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Extremely Itchy Skin

While everybody knows the sensation of an itch, few people understand how awful it can be to experience extremely itchy skin. When the itch becomes stronger than usual, it can be nearly unbearable, and the urge to scratch can interfere with normal responsibilities. If you suffer from extremely itchy skin, read on to keep learning about the causes, prevention, and treatments.

Extremely Itchy Skin

About Extremely Itchy Skin

Excessive itching can be categorized in two ways: as acute, meaning that it is a very remarkable itch but that it dissipates eventually, or as chronic, meaning that the itch lasts for very long periods of time, generally six weeks or more. Itching like this can affect any part of the body.

Itchy Skin Causes

A number of things may cause itchy skin, and they may be the culprits behind extremely itchy skin as well. People react differently to each cause or trigger, so any one cause may induce more extreme itching in one person than in another. These causes include:

  • Hormonal imbalance. Lower levels of estrogen reduce the body's ability to produce collagen, which is necessary for healthy and itch-free skin.

  • Dry skin. Skin itches when it begins to lose moisture, either because of the environment or dehydration.

  • Allergic reaction. An allergy often causes a rash, and contact dermatitis can cause skin irritation because of contact with something that bothers the skin.

  • Skin conditions. Eczema and psoriasis are two of the most common skin conditions that cause itchy skin, but there are many others.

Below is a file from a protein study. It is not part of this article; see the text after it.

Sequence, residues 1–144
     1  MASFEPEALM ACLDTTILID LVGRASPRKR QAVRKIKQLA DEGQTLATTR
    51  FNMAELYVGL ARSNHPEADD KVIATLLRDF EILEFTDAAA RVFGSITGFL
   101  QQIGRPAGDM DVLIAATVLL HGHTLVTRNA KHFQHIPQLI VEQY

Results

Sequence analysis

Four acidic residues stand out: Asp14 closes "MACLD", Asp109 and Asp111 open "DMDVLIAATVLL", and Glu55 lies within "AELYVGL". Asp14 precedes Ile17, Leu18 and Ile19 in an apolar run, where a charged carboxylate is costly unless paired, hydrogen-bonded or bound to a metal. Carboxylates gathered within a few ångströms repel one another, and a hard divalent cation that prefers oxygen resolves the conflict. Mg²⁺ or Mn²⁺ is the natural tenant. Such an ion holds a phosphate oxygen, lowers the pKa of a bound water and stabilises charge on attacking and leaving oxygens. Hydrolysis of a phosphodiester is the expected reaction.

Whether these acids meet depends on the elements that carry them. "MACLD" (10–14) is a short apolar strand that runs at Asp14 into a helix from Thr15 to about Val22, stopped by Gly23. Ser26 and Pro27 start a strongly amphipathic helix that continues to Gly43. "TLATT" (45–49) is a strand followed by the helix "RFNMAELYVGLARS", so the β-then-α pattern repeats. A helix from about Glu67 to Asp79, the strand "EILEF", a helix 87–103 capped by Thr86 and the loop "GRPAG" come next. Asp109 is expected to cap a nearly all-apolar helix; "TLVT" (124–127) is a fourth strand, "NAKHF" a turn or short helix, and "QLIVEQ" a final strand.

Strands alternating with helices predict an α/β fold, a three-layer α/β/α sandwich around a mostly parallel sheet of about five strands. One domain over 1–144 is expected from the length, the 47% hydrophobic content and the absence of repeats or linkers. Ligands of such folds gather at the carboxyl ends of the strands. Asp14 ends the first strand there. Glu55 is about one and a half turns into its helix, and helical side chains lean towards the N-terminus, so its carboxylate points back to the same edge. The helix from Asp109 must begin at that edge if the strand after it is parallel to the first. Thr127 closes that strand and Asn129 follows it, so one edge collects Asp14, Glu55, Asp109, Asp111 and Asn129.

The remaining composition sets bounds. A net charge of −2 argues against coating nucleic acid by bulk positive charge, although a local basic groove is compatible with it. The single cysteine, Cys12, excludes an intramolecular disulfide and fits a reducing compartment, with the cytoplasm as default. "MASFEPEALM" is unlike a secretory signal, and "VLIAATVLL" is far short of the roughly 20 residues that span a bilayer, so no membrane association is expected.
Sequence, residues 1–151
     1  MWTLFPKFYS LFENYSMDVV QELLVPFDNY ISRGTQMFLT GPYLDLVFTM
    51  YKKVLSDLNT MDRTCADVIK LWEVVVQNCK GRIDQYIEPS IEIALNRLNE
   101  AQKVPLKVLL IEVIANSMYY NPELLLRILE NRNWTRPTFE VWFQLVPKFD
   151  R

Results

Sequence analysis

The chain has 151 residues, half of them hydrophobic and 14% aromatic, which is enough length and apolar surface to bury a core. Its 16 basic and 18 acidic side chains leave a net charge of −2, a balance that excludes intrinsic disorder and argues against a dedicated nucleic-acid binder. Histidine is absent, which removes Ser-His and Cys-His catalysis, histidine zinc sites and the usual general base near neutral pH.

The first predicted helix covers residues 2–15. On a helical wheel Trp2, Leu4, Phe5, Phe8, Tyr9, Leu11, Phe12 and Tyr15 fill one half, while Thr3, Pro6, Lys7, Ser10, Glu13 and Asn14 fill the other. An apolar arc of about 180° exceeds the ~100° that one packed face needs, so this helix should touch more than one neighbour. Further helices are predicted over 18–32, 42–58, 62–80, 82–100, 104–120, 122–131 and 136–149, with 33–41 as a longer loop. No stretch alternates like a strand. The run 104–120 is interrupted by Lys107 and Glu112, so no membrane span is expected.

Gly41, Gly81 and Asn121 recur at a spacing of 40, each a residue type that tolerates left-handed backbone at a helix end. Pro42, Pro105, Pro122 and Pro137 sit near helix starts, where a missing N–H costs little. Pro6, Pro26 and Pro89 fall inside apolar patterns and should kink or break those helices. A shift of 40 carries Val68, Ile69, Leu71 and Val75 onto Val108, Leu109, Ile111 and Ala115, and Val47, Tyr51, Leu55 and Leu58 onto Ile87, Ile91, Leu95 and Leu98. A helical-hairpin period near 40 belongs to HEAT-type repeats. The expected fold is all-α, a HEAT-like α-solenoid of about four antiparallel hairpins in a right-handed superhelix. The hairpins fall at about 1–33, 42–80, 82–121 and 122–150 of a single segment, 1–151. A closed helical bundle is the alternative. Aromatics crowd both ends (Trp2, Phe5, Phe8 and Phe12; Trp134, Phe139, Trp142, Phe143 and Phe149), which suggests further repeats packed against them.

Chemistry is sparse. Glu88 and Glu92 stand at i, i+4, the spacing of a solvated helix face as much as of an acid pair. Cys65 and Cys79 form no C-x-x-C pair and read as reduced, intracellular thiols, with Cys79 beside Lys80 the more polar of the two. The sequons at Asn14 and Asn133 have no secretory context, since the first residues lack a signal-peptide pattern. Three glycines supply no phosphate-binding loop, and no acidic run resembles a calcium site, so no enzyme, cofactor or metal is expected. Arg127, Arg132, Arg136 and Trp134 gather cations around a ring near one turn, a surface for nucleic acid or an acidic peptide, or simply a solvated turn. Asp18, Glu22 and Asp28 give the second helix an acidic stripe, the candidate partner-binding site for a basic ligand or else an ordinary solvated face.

• Underlying illness. Some types of organ failure, along with anemia and other medical conditions, can cause the skin to itch as a symptom.

When to See a Doctor

In some cases, women suffering from itchy skin should consult a doctor. This is true of those who are experiencing:

  • An itch that presents with other symptoms like weight loss, fever, extreme exhaustion, or others

  • An itch that comes on suddenly with no explanatory factors

  • An itch that interferes with daily activities or sleep

  • An itch lasting longer than two weeks

  • An itch that affects the whole body

Preventing Extremely Itchy Skin

There are a few methods to try to keep itchy skin from appearing, or from reappearing, as the case may be. They are not foolproof, but they can significantly reduce the risk of skin irritation and subsequent excessive itching of the skin. These are:

  • Keeping skin moisturized by applying lotions, drinking water, or using a humidifier

  • Avoiding scented skincare products, since the fragrant chemicals may cause irritation

  • Keeping baths and showers lukewarm and short

  • Wearing loose-fitting cotton clothing

Natural Remedies

For those with less severe and less worrying itches, a few home remedies may help. Some of the best ways to cure extremely itchy skin are:

  • Cold compresses. Using ice packs or cold, damp cloths minimizes itching.

  • Oatmeal baths. The standard treatment for chicken pox works on other itches as well.

  • Aloe vera. This herb is known for use on sunburns, but it can alleviate many skin ailments, including itchiness.

  • Calamine. Things like calamine and menthol produce a cooling sensation, which stops itchiness.

Read more about the ways to treat itchy skin.


Itchy Skin Rash

In addition to symptoms such as hot flashes, mood swings, and general aches and pains, many women suffer from itchy skin rashes during menopause.

Is Itching a Symptom of Menopause?

Itchy skin is a common, though lesser known symptom of menopause. Click here to learn more.

5 Hidden Conditions That Could Be Behind Itchy Skin

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Sources:
  • American Academy of Dermatology. (2017). How to relieve itchy skin. Retrieved May 8, 2017, from https://www.aad.org/public/skin-hair-nails/skin-care/itchy-skin
  • Mayo Clinic. (2016). Itchy skin (pruritus) Symptoms and Causes. Retrieved May 8, 2017, from http://www.mayoclinic.org/diseases-conditions/itchy-skin/symptoms-causes/dxc-20262871
  • Shah, M.G. & Maibach, H.I. (2001). Estrogen and skin. An overview. American Journal of Clinical Dermatology, 2(3), 143-150. Retrieved from https://www.ncbi.nlm.nih.gov/pubmed/11705091